Without further ado, here’s the post where I go through a boatload of scans of cards from my Topps boxes. This is the 1995 version. I’ll start off by saying, this isn’t my favorite Topps set by any means. The design isn’t my favorite, and it seems like they started trying too hard with the photography. There’s some good ones, for sure. But there are some ham-handed ones, too.
First off, there’s a tribute card. Like the Hank Aaron card the year before, Topps followed up with a card honoring the 100th “birthday” of Babe Ruth.
With that theme, there’s some guys who aren’t 100, but were much closer to it than some others. There are some guys in uniforms you’re probably not used to – like Bo Jackson in an Angels uni, Darryl Strawberry in a Giants outfit. Kirk Gibson is in the uniform I’d most associate him with, but this is his last Topps card.
After that, on to some of my standard card scans. Here’s the Ken Griffey card. It’s card #397, or the first card in series 2 (Frank Thomas is #1 – I’ll show that one later). I also figured I’d show two other cards. Eduardo Perez is the other son of a Big Red Machine member, and Griffey has an All-Star card where he’s combined with Barry Bonds. I have an autographed lithograph back at my parents of Griffey and Bonds together – there’s something cool about a card or some sort of memorabilia with the two of them on there. Best players of the 90′s, sons in the two best father-son combos.
And here’s one of my other favorite players – Rickey is back with Oakland for the 3rd of 4 stints.
And here’s another group I’ve posted on occasion – the trio pitching staff from the Braves. This is their World Series winning year, I guess. Zero HOF-ers at the moment in this group, but 3 future HOF-ers.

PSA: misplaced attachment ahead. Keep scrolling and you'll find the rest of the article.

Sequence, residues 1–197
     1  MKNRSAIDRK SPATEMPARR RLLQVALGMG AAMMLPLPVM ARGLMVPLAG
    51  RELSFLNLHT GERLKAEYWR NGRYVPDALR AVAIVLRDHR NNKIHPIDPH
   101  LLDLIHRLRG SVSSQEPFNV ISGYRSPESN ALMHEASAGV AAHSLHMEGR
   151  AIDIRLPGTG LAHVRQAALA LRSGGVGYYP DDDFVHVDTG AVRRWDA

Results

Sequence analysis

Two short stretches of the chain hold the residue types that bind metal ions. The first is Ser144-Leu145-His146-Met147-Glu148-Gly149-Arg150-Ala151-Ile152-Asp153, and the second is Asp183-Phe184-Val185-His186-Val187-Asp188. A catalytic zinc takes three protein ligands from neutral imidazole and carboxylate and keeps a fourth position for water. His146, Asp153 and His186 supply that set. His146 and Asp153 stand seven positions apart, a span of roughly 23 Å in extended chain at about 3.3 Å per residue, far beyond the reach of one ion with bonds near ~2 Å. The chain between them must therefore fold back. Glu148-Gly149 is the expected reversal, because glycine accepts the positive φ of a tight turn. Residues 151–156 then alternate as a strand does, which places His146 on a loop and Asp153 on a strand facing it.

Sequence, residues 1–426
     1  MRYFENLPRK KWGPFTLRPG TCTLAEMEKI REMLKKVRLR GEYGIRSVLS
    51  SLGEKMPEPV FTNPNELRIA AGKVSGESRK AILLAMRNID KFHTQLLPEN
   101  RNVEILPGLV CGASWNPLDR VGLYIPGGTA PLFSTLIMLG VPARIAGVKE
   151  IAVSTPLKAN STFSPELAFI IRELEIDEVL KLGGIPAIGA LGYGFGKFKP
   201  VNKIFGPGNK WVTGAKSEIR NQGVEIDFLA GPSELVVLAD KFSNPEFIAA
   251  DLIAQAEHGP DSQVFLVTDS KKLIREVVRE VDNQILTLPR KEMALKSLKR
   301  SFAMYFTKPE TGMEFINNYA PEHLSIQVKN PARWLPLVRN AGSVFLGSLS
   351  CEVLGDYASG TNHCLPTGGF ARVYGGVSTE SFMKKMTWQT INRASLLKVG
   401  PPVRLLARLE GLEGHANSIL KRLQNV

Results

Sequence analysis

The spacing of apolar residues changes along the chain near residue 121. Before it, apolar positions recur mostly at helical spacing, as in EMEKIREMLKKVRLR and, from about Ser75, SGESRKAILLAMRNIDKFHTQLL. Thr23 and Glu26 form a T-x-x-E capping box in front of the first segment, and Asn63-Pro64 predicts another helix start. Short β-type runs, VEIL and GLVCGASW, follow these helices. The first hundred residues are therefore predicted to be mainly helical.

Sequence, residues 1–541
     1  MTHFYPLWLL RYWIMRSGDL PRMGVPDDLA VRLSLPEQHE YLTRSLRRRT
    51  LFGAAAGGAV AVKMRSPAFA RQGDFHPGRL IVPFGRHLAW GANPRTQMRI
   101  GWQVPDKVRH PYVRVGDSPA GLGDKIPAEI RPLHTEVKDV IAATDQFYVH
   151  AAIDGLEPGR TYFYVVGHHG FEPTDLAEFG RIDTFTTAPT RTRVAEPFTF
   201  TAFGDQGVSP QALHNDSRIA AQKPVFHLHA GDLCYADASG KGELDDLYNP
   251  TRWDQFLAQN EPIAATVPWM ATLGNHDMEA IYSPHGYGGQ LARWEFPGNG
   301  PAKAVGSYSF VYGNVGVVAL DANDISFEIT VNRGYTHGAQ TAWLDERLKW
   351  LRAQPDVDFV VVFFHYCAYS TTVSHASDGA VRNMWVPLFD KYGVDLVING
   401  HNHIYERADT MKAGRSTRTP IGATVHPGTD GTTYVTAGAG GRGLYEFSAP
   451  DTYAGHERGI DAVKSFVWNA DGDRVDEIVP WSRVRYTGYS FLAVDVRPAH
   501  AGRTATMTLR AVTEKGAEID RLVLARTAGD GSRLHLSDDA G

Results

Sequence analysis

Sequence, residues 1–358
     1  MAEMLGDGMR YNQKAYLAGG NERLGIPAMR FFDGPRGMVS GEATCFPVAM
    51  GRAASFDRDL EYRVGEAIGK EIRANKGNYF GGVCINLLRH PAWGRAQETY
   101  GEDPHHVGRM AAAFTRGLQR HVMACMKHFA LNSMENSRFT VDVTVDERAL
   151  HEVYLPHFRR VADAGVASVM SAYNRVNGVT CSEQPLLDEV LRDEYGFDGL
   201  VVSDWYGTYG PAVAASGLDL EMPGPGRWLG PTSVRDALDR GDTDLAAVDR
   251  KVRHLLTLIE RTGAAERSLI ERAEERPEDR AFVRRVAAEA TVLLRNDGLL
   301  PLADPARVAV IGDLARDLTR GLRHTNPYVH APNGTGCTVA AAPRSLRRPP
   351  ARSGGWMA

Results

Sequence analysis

This is the set of some weird pictures. Here’s the first of those. Two Milwaukee Brewers. Clearly taken on the same day, from almost exactly the same position with the same pose. But a different uniform they’re “modeling”. Cirillo seems to be slightly earlier time of day.
There’s some other funny photos, too. There’s plenty of very “staged” pose photos. Enough that I could scan a full set of vertical ones and a full grouping of horizontal ones. Some are well done (Piazza, Hershiser), but some go well beyond corny (Daulton, Walker).
This set has quite a few cards with some weird photography tricks – for lack of a better term. None of them are exactly the same – they tend to involve multiple shots of the sequence of a play. Interesting that Royce Clayton is featured in 2 of these. And then there’s the O’Neill, which is just kind of weird with the fans in the background and the Cleveland outfielder (is that Manny?).
OK, all that is kind of some weird stuff. I don’t love most of that. But there are some good action shots in this set – in fact, some of the better action shots I’ve seen so far:
Topps also put some good shots of guys not in action, but in either the dugout or signing autographs. I like these cards.
After showing off some of the better shots – here’s some of the younger stars. There aren’t really any notable rookie cards in this set, but there are some very young guys who’d go on to some serious production in the big leagues.
Next up is some more scans of the game’s best in the mid-90′s. There were some serious offensive numbers put up in 1994.